5 tips for reducing stress when taking out a home loan
Everyone knows that it is a major financial decision to buy a home because of the amount of money involved in the transaction. Even the legendary Warren Buffett has said: "When people are making the decision of the magnitude of buying a house, it's the biggest decision a great many families will ever make." At the same time, the residential property market in Singapore is pretty moribund right now. Consensus opinion, though admittedly often wrong, is that prices are unlikely to move higher in the near term.
However, there are good reasons other than potential capital gains, for buying a home. Getting a fixed rate mortgage to hedge against inflation is not a bad idea. The concept is that as inflation rises, the value of the debt on the property will fall, and it will become easier to pay off the mortgage. Of course, wage inflation would be as desirable as price inflation! And it does provide a roof over your head. So let us assume you have decided to take the plunge and have made the decision to take out a home loan. In this article we provide 5 simple tips for making the home loan process a bit less stressful.
1. Make sure you can afford it
As a general rule, your monthly debt commitments should not account for more than 35% of your monthly income. In addition to the mortgage, debt commitments will include any car loans, study loans or other personal loans and credit cards (which must be paid off in full at monthend). A way of making the monthly debt payments more affordable is to lengthen the maturity of the loan, but remember that doing this also increases the total amount of interest you must pay over the life of the loan.
2. Always have a contingency plan
Depending on the home you are buying and your particular financial situation, the monthly repayments will vary. You should be aware that if you ever default on your monthly repayments, the bank has the right to repossess your home. Not only would such a situation be distressing to you, but family members living under the same roof will also be affected. This is why you should always have extra funds available to allow for an increase in interest payments as a result of a rate rise, or if you lose your job.
If you have dependents living with you, and you are the sole breadwinner, you should certainly consider getting mortgage insurance as well. The policy is commonly known as Mortgage Reduced Term Assurance, and will help to partially or fully pay off any outstanding home loan should you be unable to fulfil your home loan obligations due to death or disability.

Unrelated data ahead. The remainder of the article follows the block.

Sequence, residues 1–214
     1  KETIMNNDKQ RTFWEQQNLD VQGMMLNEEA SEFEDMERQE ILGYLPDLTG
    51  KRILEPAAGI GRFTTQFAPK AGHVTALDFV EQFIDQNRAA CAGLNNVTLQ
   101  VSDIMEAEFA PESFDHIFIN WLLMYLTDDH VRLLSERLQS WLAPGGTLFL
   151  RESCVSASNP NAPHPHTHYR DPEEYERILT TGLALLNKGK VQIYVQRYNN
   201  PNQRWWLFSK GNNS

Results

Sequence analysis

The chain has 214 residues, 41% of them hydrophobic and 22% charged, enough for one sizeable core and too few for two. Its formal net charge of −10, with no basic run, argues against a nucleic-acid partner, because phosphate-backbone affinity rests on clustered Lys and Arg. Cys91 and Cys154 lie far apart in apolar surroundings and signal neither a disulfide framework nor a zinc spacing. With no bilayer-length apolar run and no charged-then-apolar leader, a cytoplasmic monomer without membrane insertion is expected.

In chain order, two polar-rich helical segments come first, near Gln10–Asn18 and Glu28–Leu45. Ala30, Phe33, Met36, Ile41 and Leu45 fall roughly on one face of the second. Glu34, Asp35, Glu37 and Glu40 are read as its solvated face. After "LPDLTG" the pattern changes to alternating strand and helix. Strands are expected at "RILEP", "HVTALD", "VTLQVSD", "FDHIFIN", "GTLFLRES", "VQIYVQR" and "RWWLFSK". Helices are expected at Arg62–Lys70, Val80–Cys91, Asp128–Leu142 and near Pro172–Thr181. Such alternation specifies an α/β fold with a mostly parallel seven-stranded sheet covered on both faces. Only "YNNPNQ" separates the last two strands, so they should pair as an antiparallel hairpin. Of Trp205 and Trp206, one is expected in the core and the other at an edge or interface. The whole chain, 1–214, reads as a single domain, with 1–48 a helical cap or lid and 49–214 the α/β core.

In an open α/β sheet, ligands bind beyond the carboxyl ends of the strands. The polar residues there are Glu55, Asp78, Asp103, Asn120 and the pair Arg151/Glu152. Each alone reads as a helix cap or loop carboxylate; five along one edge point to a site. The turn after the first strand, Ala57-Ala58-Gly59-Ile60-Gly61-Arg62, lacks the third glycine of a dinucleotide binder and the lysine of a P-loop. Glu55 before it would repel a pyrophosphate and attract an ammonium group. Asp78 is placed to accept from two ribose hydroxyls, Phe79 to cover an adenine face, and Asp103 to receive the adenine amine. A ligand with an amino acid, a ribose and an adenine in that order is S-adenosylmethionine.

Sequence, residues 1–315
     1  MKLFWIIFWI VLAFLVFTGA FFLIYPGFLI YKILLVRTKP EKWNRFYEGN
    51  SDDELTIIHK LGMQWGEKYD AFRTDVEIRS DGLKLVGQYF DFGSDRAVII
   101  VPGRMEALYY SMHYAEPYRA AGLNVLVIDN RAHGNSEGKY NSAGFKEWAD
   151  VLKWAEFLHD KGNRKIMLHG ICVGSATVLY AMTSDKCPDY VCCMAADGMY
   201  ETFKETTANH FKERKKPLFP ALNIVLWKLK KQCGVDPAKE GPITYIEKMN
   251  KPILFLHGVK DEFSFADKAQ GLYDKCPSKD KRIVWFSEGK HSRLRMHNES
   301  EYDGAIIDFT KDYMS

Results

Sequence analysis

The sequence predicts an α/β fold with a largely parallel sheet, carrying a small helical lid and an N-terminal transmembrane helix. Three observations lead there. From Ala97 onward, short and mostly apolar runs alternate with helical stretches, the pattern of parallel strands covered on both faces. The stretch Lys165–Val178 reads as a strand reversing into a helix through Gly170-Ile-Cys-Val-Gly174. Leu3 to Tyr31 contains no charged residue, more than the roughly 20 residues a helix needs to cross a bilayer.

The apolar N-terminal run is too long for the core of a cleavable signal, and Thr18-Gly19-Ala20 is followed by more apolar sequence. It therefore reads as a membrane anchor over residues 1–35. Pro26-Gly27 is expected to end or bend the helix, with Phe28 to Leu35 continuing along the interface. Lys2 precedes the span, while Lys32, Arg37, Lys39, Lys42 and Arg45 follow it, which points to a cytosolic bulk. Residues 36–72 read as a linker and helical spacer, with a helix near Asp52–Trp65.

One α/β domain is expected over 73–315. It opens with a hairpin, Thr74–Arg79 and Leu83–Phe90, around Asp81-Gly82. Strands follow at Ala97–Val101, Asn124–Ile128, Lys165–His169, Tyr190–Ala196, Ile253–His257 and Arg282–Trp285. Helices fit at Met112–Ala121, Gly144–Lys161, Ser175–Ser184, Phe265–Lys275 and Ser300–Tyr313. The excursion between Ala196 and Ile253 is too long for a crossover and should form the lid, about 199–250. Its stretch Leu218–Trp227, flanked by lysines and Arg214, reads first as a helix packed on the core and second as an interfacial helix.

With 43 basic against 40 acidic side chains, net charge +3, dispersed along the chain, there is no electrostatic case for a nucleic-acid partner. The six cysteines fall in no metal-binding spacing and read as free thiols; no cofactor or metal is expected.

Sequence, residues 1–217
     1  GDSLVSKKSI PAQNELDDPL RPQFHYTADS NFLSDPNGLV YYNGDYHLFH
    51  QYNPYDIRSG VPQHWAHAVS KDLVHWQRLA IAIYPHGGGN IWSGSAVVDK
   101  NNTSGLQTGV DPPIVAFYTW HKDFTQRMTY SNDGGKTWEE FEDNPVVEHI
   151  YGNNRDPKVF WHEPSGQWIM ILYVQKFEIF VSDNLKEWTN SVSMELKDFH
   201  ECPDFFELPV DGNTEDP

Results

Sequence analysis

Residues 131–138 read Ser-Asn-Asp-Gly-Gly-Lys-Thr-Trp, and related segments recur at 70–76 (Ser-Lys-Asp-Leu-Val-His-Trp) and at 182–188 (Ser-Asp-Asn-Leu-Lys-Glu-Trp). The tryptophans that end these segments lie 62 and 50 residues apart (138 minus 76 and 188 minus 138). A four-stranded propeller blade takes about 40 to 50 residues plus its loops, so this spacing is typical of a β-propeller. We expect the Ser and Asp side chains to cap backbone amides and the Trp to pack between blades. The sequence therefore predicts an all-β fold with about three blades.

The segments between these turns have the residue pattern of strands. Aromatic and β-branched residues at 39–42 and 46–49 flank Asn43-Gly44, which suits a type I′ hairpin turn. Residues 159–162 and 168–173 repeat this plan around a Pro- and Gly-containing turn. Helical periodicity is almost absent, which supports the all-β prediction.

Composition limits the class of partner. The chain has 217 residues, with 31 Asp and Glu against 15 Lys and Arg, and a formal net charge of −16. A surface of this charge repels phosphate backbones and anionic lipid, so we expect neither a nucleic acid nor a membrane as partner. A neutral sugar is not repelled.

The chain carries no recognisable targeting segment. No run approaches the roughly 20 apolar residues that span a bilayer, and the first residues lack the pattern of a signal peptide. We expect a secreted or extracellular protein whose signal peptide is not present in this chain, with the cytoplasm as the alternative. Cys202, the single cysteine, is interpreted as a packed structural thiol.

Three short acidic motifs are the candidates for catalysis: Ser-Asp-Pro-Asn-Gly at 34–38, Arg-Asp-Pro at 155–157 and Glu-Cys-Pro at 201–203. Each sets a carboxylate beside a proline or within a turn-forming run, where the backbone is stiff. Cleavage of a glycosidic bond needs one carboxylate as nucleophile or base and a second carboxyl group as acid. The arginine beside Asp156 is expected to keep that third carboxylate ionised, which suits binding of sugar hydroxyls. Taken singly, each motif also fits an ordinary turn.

3. Think carefully before you decide whether a fixed or floating rate is better
Many borrowers focus simply on getting a loan that offers them the lowest interest rate. However, it does not follow that lowest is necessarily always best. It is worth considering whether a slightly higher fixed rate might actually suit your particular financial circumstances better. If you have access to more funds in case interest rates were to rise, then the lowest floating rate may indeed be the best. But a fixed payment per month might possibly be a worthwhile option for better money management. And If you are buying an investment property, you may want to choose a fixed rate loan so that you can have better control over using the rental income to cover your mortgage payments.
4. Use a mortgage broker
Most Singaporeans will be well-acquainted with comparing credit cards online using various financial product comparison websites. However, not so many are as familiar with comparing mortgage brokers when it comes to finding the ideal home loan. There is a misconception that a home loan will cost you more if you go through a mortgage broker. In fact, mortgage brokers earn their money by getting a referral fee paid by the bank which you have chosen for the loan, so in fact you do not pay any extra. Because mortgage brokers are product experts in their field, they have a wealth of knowledge, and can recommend the best bank loan product which is suitable for you.
5. Always refinance
In previous generations, steadily paying off the same home loan over many years was the ‘done thing’. These days, however, such loyalty is not rewarded by any bank. Indeed, the capitalist model currently rewards new customers exclusively, and it pays to constantly shop around and refinance. It is a fairly simple process to replace your current home loan with one that charges a lower rate of interest, and therefore lower monthly repayments. You should do this every few years. Do take note though, of any fees, penalties or claw-back of benefits involved since they may outweigh the savings from refinancing.